A seminal battle of wills between Norway’s indigenous Sami people and their carpetbagger exploiters has tragic results in Nils Gaup’s earnest but ultimately disappointing Nordic epic, “The Kautokeino Rebellion.” Since 1852 a rallying cry for the Sami, tale is part of their ethnic consciousness — their Wounded Knee in a sense (with far fewer lives lost). However, pic reduces characters to stock good vs. evil types, jettisoning nuance with a resulting loss of texture. Biggest budgeted pic (some $10 million) to come out of northern Norway, “Kautokeino” is cresting on a major national push, but non-Scandi play is unlikely.
Uprising has already figured in two operas and a number of theater works, but the project, 10 years in the making, is an especially personal one for Gaup, who was born in Kautokeino and is a descendant of Aslak Haetta, one of the major players in the story. Largely shot at the Holmen Film Camp in the Arctic town of Malselv, pic rallies an array of known Scandi thesps along with Sami actors and vast herds of reindeer; but despite impressive visuals and Gaup’s special credentials, pic has an airless quality.
In Kautokeino, Swedish entrepreneur Ruth (Mikael Persbrandt) owns a trading post-cum-pub, the only game in town for the semi-nomadic Sami who come to him for supplies and a tipple. Over-susceptible to alcohol, the native population is neglecting its reindeer herds, forcing the women to attempt a job that’s too big for their depleted numbers. Strong-willed Elen (Anni-Kristiina Juuso) refuses to purchase goods from the outfit that keeps husband Mathis (Aslat Mahtte Gaup) intoxicated, dragging him and others to a neighboring town for their supplies.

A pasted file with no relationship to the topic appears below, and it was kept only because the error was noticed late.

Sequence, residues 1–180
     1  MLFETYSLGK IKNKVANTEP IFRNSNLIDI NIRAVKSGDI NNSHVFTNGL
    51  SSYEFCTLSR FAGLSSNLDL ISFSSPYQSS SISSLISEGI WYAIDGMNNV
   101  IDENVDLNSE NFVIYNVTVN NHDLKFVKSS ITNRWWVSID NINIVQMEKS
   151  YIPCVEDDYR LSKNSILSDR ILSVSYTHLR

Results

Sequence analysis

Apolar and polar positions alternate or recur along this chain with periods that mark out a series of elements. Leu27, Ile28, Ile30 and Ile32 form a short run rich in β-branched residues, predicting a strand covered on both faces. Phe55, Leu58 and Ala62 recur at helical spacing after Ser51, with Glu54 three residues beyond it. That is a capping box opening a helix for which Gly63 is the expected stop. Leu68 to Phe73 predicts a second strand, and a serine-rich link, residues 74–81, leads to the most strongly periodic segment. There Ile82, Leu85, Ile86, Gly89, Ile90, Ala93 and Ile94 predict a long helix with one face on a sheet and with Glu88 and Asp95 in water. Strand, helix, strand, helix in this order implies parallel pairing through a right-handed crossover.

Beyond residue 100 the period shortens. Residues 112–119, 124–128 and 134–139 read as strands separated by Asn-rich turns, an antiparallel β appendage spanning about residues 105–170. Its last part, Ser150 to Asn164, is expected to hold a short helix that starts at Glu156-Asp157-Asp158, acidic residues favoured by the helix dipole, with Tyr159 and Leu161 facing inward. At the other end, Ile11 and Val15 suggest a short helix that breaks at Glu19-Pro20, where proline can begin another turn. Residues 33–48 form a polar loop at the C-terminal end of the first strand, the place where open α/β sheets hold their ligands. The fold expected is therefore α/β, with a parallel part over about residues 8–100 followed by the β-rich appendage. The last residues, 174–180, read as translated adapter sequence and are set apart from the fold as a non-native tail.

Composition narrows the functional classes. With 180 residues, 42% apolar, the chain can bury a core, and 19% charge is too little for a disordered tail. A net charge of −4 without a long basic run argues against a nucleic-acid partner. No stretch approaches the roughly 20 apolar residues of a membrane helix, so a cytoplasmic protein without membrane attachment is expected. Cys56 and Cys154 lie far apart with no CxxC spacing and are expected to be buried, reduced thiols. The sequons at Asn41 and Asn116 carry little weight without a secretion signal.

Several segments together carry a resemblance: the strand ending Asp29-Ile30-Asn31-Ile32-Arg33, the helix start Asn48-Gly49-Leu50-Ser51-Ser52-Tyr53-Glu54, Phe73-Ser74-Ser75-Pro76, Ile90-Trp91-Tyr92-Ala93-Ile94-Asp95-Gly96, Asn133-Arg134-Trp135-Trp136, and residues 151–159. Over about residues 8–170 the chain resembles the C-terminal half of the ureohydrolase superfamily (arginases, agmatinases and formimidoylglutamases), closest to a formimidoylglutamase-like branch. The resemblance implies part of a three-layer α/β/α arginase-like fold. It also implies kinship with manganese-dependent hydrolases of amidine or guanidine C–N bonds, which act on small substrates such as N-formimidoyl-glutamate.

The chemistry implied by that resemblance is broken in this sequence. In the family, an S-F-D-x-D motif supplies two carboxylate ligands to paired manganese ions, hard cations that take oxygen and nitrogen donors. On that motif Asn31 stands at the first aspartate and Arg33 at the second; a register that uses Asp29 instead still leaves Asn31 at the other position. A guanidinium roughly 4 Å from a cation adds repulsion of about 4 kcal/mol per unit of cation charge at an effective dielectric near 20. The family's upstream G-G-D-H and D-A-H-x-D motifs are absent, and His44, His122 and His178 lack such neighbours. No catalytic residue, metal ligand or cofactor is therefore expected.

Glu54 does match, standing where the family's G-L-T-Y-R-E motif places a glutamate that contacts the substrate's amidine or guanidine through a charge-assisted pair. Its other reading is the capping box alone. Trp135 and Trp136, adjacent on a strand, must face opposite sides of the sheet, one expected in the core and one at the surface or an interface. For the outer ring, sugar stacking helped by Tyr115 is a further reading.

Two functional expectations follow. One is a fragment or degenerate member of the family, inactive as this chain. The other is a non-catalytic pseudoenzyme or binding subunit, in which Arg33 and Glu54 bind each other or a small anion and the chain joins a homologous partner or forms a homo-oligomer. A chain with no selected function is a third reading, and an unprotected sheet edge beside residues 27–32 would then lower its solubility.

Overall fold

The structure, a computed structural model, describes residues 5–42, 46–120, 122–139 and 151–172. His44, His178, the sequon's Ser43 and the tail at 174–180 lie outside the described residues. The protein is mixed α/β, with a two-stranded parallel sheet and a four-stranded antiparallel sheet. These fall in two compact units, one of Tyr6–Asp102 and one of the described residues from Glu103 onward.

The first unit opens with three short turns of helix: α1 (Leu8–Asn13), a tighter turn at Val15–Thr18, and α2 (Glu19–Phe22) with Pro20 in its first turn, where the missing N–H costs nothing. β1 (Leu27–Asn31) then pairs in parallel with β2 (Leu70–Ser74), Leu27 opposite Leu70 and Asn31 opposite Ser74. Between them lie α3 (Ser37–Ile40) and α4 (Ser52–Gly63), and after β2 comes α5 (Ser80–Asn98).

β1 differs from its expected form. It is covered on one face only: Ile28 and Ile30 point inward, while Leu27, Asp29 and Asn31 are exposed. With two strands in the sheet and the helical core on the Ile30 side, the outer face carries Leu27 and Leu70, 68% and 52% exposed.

While in Karesuando, they hear charismatic preacher Laestadius (Michael Nyqvist), whose ministry is sweeping the Sami lands with fire-and-brimstone sermons decrying alcohol and vice. Mathis is converted (much too easily), and Elen becomes Laestadius’ proxy back home, emptying the bar and filling her revival tent.
Furious at his loss of income and control, Ruth goes to “the authorities” — an oddly nebulous, blandly nefarious duo — to stop the fanaticism, and a new pastor, Stockfleth (Bjorn Sundquist), is called to keep the Sami in line. Climax has Elen and others heading to Ruth’s for a bloody showdown.
The systematic government suppression of Sami culture has easy parallels with the situation of Native Americans, and at times pic has an old-fashioned horse-opera feel. Story itself should be gripping; but bland script turns everyone into one-dimensional characters, whittling down motivations and smoothing out the fanaticism.
Auds unfamiliar with the impact Laestadius had on the northern Scandinavian territories will be hard-pressed to understand why Elen’s revivalist preaching was seen as such a threat to the status quo. Also difficult for non-Scandi viewers will be the subtleties of language. Four are used in the film, each signaling an important hierarchical division; but unless it’s understood who’s speaking Northern Sami (and to whom) and who’s speaking Danish, these nuances are lost. Distinction should somehow be conveyed in subtitled prints.
Perfs are generally in keeping with the stripped-down roles. As Elen, Juuso (“The Cuckoo”) is meant to be the heart of the story, acting as narrator as well, but her character calls for greater depth. Director Gaup’s affinity for his home territory, already reflected in his earlier “Pathfinder” and “North Star,” is clear in the sweeping panoramas and magnificent snowbound landscape, handsomely lensed by Philip Ogaard (“Kitchen Stories”).
Pic’s release is to be followed by a four-part TV series, presumably filling in many of the missing details.